'They Are Going to Eat Each Other': Scientists Reveal What Horrors Could Befall Planetary Colonies

© NASAFirst Humans on Mars (Artist's Concept)
First Humans on Mars (Artist's Concept)  - Sputnik International, 1920, 27.12.2021
One of the scientists noted, however, that humanity settling on other planets may be a good idea since it could serve as an "insurance policy" against extinction.
Future human attempts to establish outposts on other planets should be well thought out in terms of how the populations of these distant worlds are going to sustain themselves, lest things go horribly wrong, Metro suggests.
Two scientists – a professor of astrobiology at Edinburgh University named Charles Cockell and Dr Cameron Smith, anthropologist from Portland State University – told the media outlet that, before trying to colonise more remote worlds, humans should first go for “tester colonies” on the Moon or on Mars, which could be resupplied from Earth with relative ease if needed.
Factors that may pose a dire threat to such planetary outposts that would be unable to receive help from Earth on a short notice include food shortages, disease, and failure to become self-sufficient.
"The systems have to be really reliable and that’s why they need to be tested before", Cockell remarked.
This is an artist's impression of a Jupiter-sized planet passing in front of its parent star - Sputnik International, 1920, 16.10.2021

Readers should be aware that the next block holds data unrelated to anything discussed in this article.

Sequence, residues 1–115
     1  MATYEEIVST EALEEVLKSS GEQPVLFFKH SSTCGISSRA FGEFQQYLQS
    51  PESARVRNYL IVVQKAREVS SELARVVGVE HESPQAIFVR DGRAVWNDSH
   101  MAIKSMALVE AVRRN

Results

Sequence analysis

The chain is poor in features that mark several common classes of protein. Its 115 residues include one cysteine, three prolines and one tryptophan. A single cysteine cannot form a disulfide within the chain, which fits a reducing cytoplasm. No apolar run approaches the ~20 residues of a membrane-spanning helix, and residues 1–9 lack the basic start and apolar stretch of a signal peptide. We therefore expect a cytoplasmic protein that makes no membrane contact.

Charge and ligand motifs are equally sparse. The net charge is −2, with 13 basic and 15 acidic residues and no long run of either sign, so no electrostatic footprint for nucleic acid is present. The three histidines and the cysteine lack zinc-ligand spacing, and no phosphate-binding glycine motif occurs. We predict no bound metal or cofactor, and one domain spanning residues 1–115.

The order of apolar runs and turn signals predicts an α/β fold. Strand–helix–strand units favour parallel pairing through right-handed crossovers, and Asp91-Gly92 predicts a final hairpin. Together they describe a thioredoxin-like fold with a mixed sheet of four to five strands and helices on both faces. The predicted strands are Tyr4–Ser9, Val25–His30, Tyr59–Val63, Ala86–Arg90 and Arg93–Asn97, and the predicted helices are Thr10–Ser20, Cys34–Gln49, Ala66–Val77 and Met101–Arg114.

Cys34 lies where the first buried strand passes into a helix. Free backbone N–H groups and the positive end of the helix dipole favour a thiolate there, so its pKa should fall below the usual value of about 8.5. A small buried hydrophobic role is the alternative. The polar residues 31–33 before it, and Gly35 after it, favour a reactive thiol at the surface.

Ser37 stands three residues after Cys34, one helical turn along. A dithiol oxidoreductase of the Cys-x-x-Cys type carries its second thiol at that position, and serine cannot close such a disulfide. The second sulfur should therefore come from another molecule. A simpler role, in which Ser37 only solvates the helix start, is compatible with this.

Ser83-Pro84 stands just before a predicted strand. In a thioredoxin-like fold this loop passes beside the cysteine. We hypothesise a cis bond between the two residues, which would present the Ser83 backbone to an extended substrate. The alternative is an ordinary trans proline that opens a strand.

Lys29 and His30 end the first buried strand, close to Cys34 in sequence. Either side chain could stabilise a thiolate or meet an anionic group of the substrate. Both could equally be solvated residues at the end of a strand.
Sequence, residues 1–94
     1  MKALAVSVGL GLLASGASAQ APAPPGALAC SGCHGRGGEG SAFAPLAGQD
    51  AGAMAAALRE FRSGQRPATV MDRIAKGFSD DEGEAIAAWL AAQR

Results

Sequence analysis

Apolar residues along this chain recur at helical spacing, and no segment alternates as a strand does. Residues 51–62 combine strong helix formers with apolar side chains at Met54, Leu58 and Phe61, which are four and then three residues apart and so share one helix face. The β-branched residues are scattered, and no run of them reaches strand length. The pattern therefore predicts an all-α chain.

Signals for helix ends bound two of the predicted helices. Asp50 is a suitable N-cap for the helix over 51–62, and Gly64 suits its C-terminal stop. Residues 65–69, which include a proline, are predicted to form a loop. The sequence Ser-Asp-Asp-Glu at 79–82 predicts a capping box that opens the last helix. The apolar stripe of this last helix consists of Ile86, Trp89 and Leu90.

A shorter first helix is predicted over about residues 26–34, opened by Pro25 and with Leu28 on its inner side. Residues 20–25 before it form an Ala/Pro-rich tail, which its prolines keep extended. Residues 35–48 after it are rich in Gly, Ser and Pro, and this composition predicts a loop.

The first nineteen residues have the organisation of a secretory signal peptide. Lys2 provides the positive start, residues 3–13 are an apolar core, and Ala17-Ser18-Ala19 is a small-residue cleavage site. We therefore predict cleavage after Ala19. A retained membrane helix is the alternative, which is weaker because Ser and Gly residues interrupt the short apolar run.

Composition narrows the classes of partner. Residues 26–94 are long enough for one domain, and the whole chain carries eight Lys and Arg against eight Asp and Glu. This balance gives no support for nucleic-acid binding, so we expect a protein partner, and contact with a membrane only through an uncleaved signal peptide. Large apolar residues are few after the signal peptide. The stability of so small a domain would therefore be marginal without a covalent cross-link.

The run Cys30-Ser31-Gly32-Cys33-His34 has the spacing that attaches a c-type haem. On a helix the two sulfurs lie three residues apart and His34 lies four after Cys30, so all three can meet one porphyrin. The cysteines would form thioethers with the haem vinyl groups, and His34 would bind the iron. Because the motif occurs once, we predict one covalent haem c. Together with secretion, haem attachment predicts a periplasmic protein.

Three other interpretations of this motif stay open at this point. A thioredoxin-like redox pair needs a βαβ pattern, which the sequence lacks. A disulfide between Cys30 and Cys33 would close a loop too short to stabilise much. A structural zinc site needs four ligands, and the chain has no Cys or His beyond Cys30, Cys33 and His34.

Jupiter-Like Planet Orbiting Dead Star Offers Glimpse Into Future of Our Solar System
He pointed to the fate of the disastrous 19th century Franklin expedition, whose ships were “the most sophisticated pieces of technology available at that time", and who had tinned food, which also was a "new technology" back then – and yet that expedition ended up getting "lost, stranded" and eventually "degenerating into cannibalism".
"So even with the best technology, isolated human communities can degenerate very quickly", he explained. "If you put a group of people on Callisto, things start going wrong and the plant growth module breaks down, they are going to eat each other if there is no other way to survive".
His concern was shared by Smith, who said that one of the first things a planetary outpost would have to do is "establish a really good farming system and put in a lot of stored food".
He also highlighted the risk of disease, and advocated for an as yet hypothetical planetary colony population to be distributed between self-sustaining settlements that could be quarantined if things go south.
Meanwhile, Prof. Cockell also suggested that humanity settling on other planets may be a sensible thing as it could serve as an "insurance policy" against extinction, and joked that the lack of a "space programme" became a major problem for dinosaurs at a certain point in history.
To participate in the discussion
log in or register
Заголовок открываемого материала